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Heavy fighting puts humanitarian aid and civilians at risk in Upper Nile

The town of Pagak is a stronghold for opposition forces in the Upper Nile region of South Sudan.

However, its grip on the area is under threat as government troops steadily advance towards the town, with forces approaching Maiwut, 25 kilometres north-west of Pagak.

The outbreak of heavy fighting risks cutting access to humanitarian assistance in the area with at least 25 aid workers evacuated in recent days because of the increasing insecurity. Civilian lives are also at risk with 5000 people, from north of Pagak, registering in the town as they pass through towards Ethiopia seeking refuge.

The Head of the United Nations Mission in South Sudan (UNMISS), David Shearer, says he is “gravely concerned” about the situation and is urging the warring parties to end the violence.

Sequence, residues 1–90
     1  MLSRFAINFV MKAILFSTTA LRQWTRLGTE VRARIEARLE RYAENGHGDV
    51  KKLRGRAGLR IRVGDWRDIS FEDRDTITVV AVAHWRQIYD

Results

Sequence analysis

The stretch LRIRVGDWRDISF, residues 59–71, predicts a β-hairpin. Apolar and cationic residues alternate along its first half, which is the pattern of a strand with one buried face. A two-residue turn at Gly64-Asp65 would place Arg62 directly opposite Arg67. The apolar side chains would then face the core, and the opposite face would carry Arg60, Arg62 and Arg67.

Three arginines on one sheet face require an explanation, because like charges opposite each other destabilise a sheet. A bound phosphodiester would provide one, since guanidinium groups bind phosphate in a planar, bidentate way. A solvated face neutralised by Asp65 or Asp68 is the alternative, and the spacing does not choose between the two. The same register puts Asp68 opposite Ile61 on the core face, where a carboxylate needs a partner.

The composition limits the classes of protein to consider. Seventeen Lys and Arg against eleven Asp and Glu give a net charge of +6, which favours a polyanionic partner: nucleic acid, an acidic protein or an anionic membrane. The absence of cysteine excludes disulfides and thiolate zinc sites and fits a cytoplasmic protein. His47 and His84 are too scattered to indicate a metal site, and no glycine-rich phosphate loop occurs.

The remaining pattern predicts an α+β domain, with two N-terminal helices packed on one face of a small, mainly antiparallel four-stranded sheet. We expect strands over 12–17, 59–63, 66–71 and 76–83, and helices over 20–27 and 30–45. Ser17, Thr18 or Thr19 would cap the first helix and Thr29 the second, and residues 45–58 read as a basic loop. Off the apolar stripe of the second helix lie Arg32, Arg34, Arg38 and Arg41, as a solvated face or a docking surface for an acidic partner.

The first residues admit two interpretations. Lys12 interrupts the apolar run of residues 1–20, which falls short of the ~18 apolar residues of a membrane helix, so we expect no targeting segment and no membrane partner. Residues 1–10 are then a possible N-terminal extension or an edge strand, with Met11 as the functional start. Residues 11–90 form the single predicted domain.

“The hostilities should cease to allow people to go back to their homes. There is no reason for fighting in this area,” he said. “Irrespective of which side started it, and we’ve heard differing stories about that, we do not believe that an advance on Pagak is going to serve the interests of peace.”

The surge in violence near Pagak follows an Independence Day address by South Sudanese President Salva Kiir who said that “war is not an option” and that the continuation of violence “leads to the loss of innocent lives” as well as the destruction of property and consequential under-development of South Sudan.

Latest figures from the UN’s humanitarian agency, OCHA, suggest that 50 per cent of the population – about six million people – will need food aid this month.

David Shearer said he agreed with the President’s recent comments that agricultural production was vital to the wellbeing of local communities as well as the South Sudanese economy more broadly.

“The security situation in rural areas must improve dramatically so that people feel safe enough to return to the land and invest their time and money in planting crops,” he said.